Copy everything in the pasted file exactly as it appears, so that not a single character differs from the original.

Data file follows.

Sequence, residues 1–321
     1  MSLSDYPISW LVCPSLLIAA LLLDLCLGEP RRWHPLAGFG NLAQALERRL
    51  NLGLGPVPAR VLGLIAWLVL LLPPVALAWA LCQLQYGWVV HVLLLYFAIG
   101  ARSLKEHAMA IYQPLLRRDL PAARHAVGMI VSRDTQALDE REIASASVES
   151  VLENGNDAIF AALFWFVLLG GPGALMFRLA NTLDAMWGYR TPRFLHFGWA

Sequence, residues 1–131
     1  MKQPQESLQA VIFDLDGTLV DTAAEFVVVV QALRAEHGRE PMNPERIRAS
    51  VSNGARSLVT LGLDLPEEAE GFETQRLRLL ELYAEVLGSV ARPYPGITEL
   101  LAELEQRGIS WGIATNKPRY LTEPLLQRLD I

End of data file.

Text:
Sequence, residues 1–321
     1  MSLSDYPISW LVCPSLLIAA LLLDLCLGEP RRWHPLAGFG NLAQALERRL
    51  NLGLGPVPAR VLGLIAWLVL LLPPVALAWA LCQLQYGWVV HVLLLYFAIG
   101  ARSLKEHAMA IYQPLLRRDL PAARHAVGMI VSRDTQALDE REIASASVES
   151  VLENGNDAIF AALFWFVLLG GPGALMFRLA NTLDAMWGYR TPRFLHFGWA

Sequence, residues 1–131
     1  MKQPQESLQA VIFDLDGTLV DTAAEFVVVV QALRAEHGRE PMNPERIRAS
    51  VSNGARSLVT LGLDLPEEAE GFETQRLRLL ELYAEVLGSV ARPYPGITEL
   101  LAELEQRGIS WGIATNKPRY LTEPLLQRLD I